Negligence is failing to do that which a reasonable man would have done or would have avoided under the same or similar circumstances.  We can substitute sin for negligence and find that 100% of us, including me, have committed hundreds, perhaps thousands of sins.  With this heavy weight on us for bad acts committed during our lives, how can we ever get past that to what is really important?  Well, you have to start with the fact that you are going to start today asking what Jesus would have done and then attempting to modify your behaviors so that you will become a better person.  This is what is really important in life and also in the afterlife.

So, what do you think is really important?  Is it prestige, power, intelligence, money, sex-drugs-rock’nroll, possessions?  Most likely these items do not follow you into the afterlife.  I honestly don’t know what awaits us at death’s door, but I would rather have my good acts to carry with me.  That may be what is most important.

Dream of Hell

Interestingly enough, some of my dreams are hazy and fragmented, but others are quite vivid and appear to be very real.  One of those that seemed like I was actually living it, including feeling pain with all of my senses intact, was a vision of hell itself.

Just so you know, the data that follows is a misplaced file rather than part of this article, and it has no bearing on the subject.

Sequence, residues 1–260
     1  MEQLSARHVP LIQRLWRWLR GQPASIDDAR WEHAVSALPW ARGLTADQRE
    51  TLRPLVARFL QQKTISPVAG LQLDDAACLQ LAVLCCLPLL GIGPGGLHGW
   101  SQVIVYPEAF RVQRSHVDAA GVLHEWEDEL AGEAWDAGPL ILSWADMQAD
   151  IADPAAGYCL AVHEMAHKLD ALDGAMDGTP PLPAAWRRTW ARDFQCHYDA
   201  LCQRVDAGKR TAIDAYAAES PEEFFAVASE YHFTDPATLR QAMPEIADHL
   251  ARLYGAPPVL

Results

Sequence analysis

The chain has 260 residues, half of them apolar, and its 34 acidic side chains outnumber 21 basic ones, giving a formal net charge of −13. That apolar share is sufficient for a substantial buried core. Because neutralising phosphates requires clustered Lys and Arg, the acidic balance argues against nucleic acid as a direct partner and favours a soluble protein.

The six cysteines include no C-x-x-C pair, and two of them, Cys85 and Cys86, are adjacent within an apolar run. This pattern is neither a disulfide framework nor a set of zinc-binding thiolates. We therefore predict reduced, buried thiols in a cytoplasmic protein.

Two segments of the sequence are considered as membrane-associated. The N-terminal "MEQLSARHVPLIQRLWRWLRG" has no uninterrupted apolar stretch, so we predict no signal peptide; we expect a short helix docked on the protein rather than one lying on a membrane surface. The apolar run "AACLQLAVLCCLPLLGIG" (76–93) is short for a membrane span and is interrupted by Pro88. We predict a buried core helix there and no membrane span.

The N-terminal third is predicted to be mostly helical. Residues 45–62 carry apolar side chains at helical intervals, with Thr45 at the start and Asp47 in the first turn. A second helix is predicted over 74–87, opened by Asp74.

I lived in a compound with thousands of others, who all wore the same drab, gray outfits.  Men and women looked alike, as there was no distinction made through cosmetics or clothing.  There were no children, at least, in our compound.  We all had rules to follow, and we were all punished equally for failure to comply or failure to submit.

It took me a while to familiarize myself with my surroundings.  The structure had three elevations with the basement containing the exercise area, two dining facilities, and public showers and restrooms.  There was no privacy.  The sleeping arrangements were similar to prisons with cells with bunk beds.  I slept in the upper bunk bed, while my roommate, who did not introduce himself, covered his head with a scratchy, brown blanket in the lower berth.  His loud snoring kept me up most of the night.

The meals were bland and tasteless.  I had hoped that if we still had to go to the bathroom in hell, we would receive decent food, but that was not the case.  People moved around in lines for meals, restroom visits, and recreation.  There was no room for individualism anywhere in the compound.  Freedom was defined as being allowed to exist.

All control was totalitarian.  Stoic guards who never talked were everywhere.  I suspected that they were robots.  Some of the older prisoners were called “trustees” and they made certain that you understood the rules and requirements to submit to whatever was asked of you.

I watched one prisoner attempt a breakout that ended in failure.  The gentleman zipped out of line and ran for a door, only to find it locked.  He bumped off guards like he was in a pin-ball machine.  The guards had expandable, black batons that thumped him into submission.  They carried him back to his cell where he died.